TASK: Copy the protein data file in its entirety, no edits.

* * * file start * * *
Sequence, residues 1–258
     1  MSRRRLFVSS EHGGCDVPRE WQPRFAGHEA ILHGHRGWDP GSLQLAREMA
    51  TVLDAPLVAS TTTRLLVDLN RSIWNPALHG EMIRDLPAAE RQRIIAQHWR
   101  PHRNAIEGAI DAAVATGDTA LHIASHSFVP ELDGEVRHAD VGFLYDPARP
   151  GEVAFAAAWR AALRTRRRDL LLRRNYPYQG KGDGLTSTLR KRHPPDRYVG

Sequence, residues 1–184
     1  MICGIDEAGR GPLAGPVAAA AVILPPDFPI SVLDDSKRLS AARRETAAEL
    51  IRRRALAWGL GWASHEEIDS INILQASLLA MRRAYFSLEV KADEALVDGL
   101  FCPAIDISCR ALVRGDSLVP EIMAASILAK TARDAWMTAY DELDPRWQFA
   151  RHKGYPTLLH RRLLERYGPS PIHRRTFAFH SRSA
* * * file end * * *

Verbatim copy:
Sequence, residues 1–258
     1  MSRRRLFVSS EHGGCDVPRE WQPRFAGHEA ILHGHRGWDP GSLQLAREMA
    51  TVLDAPLVAS TTTRLLVDLN RSIWNPALHG EMIRDLPAAE RQRIIAQHWR
   101  PHRNAIEGAI DAAVATGDTA LHIASHSFVP ELDGEVRHAD VGFLYDPARP
   151  GEVAFAAAWR AALRTRRRDL LLRRNYPYQG KGDGLTSTLR KRHPPDRYVG

Sequence, residues 1–184
     1  MICGIDEAGR GPLAGPVAAA AVILPPDFPI SVLDDSKRLS AARRETAAEL
    51  IRRRALAWGL GWASHEEIDS INILQASLLA MRRAYFSLEV KADEALVDGL
   101  FCPAIDISCR ALVRGDSLVP EIMAASILAK TARDAWMTAY DELDPRWQFA
   151  RHKGYPTLLH RRLLERYGPS PIHRRTFAFH SRSA